A good place to start is to identify a committee of two or three individuals to take on the task. In these heroes you are looking for historical knowledge of the school and the community, a vision for the future, and a willingness to put words on paper. You’re looking for people who love talking to others and are not afraid to ask hard questions. It’s also important that the committee be fairly diverse. This could be the PTO’s executive board, but it could also be a small group of teachers, parents, and students.

The committee’s mission is to gather thoughts and opinions of stakeholders with the aim of constructing a strategic plan for the PTO. A strategic plan is a set of actions that enable an organization to achieve results. It’s a way of comparing and measuring an organization to get an idea of how best to serve its mission.

Getting Started

Assuming that the committee goes into its first meeting with a clear idea of the mission and vision of the parent group, its first priority is a discussion of the PTO’s current situation. How is parent-teacher participation? How are the finances? Any other aspects of the current situation should be noted.

What are the concerns of organizational stakeholders? A good way to get a handle on the current situation is to go over minutes from the past few PTO meetings. What was discussed? Make note of any item, no matter how significant or trivial. Discuss the strengths and weaknesses of the group. Make note of any current opportunities that exist for the PTO. At this point in your discussions, nothing should be off-limits. There are no wrong answers. Nothing is unimportant. This is where you lay everything on the table.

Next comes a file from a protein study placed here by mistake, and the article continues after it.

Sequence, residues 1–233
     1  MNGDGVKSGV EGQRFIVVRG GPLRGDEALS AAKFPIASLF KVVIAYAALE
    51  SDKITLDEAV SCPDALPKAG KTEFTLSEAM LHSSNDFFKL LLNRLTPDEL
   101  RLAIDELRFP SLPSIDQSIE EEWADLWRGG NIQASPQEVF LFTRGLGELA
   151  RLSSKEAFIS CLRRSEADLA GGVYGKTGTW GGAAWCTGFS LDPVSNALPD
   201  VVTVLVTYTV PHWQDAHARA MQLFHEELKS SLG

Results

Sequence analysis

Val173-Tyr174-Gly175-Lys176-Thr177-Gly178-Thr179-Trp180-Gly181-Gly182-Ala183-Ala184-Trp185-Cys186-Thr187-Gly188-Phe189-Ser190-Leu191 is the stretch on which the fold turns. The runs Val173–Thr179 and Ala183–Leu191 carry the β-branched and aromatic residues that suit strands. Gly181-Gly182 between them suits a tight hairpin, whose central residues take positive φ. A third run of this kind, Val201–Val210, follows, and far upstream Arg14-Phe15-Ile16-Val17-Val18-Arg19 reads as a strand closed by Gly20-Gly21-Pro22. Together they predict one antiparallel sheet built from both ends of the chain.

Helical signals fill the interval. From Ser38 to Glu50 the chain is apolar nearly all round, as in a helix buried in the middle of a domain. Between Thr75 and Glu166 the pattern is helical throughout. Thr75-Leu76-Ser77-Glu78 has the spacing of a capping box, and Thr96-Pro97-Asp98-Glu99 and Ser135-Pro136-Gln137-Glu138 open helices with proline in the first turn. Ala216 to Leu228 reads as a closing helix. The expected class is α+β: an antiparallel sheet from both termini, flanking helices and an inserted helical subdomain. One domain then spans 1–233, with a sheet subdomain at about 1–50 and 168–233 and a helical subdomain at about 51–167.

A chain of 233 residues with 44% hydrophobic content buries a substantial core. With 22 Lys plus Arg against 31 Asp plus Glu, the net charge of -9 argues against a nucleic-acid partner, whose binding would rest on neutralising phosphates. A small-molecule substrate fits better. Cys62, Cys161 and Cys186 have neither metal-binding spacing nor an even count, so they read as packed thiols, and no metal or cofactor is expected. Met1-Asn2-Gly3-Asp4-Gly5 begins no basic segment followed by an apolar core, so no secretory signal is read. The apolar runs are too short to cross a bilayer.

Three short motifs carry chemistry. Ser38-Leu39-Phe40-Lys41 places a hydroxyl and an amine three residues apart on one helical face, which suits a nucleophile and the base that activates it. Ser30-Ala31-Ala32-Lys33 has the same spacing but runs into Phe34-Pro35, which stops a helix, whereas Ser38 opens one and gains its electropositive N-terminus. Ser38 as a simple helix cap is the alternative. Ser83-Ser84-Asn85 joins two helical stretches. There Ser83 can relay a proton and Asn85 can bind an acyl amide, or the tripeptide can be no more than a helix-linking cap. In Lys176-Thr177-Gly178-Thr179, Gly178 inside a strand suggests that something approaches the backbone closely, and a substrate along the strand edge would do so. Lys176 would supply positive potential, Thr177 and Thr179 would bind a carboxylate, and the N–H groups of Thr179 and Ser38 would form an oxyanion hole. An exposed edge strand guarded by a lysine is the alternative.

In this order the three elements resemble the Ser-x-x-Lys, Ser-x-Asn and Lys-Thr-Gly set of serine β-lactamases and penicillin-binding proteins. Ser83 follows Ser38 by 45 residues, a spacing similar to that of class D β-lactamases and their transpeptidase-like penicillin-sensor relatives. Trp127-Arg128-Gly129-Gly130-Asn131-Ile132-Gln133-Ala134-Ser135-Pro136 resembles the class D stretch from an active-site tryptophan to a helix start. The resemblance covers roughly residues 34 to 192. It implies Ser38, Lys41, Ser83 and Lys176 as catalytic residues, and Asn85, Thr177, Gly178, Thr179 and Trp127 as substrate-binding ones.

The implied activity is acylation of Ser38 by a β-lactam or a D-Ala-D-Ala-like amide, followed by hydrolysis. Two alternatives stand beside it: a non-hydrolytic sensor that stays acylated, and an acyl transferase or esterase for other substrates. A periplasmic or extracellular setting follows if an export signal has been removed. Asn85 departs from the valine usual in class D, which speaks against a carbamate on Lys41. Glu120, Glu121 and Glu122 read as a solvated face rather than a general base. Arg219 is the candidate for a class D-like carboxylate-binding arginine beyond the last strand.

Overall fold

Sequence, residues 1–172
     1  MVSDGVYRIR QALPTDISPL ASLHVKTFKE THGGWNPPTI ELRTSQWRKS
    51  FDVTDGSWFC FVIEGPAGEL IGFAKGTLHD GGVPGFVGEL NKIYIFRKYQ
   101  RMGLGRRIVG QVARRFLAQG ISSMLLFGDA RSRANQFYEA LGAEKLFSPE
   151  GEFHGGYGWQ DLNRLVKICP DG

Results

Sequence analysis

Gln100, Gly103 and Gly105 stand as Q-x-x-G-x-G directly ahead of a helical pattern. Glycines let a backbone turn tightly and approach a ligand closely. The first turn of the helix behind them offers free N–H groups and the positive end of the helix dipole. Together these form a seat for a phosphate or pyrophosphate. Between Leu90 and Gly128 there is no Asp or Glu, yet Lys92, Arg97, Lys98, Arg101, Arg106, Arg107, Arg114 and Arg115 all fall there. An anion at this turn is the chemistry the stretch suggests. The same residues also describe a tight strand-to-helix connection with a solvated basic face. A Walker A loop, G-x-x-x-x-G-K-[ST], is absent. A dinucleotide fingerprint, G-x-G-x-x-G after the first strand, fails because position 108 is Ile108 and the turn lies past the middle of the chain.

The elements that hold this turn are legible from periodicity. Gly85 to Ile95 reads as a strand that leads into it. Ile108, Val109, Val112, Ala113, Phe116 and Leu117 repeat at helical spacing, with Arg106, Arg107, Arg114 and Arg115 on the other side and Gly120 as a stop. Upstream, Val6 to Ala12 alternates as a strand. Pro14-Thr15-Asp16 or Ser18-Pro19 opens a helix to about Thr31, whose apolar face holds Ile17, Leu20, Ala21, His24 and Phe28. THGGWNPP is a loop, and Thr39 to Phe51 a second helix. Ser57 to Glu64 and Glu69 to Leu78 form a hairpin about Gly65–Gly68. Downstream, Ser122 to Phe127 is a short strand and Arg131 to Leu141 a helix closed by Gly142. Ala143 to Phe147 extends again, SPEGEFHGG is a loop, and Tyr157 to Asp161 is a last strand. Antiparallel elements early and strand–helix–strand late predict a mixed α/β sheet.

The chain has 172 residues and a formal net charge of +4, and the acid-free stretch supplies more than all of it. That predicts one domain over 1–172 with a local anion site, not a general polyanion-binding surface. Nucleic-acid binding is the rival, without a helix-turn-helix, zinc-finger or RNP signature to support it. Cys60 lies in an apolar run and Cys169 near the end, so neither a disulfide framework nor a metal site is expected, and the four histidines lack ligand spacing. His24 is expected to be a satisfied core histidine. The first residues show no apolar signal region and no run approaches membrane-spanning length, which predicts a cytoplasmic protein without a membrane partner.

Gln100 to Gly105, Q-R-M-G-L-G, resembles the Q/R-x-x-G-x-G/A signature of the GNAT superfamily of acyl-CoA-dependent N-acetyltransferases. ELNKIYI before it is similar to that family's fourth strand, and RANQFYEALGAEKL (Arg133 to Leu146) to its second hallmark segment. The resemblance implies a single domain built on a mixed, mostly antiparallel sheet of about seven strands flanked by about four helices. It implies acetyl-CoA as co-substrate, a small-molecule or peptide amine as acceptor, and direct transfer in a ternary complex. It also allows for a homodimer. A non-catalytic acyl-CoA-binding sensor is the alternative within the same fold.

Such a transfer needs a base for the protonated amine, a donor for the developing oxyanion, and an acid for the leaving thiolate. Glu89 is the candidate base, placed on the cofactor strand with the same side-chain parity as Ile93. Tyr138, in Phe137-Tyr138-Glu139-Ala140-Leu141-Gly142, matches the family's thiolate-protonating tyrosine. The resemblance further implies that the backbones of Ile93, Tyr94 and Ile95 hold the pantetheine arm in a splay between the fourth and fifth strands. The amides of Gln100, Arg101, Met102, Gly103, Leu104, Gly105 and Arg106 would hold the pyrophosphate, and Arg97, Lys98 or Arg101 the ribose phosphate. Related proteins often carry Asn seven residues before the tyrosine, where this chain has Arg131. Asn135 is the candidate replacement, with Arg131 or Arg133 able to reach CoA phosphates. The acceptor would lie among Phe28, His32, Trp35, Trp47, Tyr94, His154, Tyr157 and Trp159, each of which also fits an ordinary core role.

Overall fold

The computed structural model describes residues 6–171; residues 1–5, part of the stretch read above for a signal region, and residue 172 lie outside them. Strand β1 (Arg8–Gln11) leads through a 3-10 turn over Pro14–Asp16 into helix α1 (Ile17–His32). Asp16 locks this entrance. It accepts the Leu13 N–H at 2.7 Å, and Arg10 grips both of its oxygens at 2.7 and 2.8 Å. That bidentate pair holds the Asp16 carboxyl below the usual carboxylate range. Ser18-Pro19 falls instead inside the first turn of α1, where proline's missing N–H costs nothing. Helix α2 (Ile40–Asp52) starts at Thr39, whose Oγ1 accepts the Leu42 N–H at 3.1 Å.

Now that you are firm in your group’s mission, your current position has been assessed, and your organizational issues have been identified, it’s time to do something about them. It’s also time for your next meeting. Between the first and second meetings, you have organized what was discussed, put the minutes of the first meeting into an easy-to-digest format, and passed it around to interested stakeholders for feedback. It’s time to develop goals and objectives that can come from individual inspiration, group discussion, or formal decisionmaking techniques. The bottom line is that you agree on how to address your organizational issues.

In this second meeting, you will outline your PTO’s strategic direction. You will set general goals as well as long-range goals and objectives. An example of a general goal might be that you want to increase the attendance at your monthly PTO meetings. If you set this as a goal at meeting two, make it a point between meetings two and three to talk with parents and teachers about this goal to get their feedback. Talk to those who only attend meetings occasionally and to those who never attend to get their input. Send home surveys for feedback. Any way you can gather data on this issue is helpful.